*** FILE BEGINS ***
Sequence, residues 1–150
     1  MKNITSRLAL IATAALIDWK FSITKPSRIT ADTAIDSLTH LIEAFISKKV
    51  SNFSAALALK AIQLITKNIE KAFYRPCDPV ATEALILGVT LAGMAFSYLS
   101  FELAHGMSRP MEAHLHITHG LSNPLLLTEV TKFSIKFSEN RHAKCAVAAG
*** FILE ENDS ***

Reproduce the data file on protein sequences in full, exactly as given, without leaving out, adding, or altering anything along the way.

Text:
Sequence, residues 1–150
     1  MKNITSRLAL IATAALIDWK FSITKPSRIT ADTAIDSLTH LIEAFISKKV
    51  SNFSAALALK AIQLITKNIE KAFYRPCDPV ATEALILGVT LAGMAFSYLS
   101  FELAHGMSRP MEAHLHITHG LSNPLLLTEV TKFSIKFSEN RHAKCAVAAG